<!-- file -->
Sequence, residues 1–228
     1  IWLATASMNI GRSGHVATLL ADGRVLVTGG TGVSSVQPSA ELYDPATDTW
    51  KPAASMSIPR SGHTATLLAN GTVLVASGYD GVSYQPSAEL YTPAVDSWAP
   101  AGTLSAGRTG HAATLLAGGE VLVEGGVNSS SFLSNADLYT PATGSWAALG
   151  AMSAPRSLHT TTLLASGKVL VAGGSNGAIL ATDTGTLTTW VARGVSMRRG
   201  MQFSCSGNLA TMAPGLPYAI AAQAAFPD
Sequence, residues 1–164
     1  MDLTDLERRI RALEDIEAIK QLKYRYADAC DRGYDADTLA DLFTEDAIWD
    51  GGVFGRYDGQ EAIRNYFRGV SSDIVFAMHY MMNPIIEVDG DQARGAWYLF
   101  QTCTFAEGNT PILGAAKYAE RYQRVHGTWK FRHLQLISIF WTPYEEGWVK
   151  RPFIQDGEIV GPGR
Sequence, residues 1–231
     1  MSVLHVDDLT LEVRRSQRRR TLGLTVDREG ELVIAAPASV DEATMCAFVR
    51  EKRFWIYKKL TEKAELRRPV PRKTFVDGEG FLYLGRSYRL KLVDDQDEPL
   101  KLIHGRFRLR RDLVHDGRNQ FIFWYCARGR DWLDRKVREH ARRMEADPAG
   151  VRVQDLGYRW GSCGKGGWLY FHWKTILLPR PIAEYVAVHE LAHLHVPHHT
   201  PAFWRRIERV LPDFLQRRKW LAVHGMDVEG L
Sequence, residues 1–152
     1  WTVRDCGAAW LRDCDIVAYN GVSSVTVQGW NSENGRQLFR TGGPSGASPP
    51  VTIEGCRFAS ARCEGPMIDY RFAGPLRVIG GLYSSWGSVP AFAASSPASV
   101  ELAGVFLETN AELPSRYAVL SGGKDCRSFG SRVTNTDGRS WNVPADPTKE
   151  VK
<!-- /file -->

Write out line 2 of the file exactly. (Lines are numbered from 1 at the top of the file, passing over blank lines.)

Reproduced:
     1  IWLATASMNI GRSGHVATLL ADGRVLVTGG TGVSSVQPSA ELYDPATDTW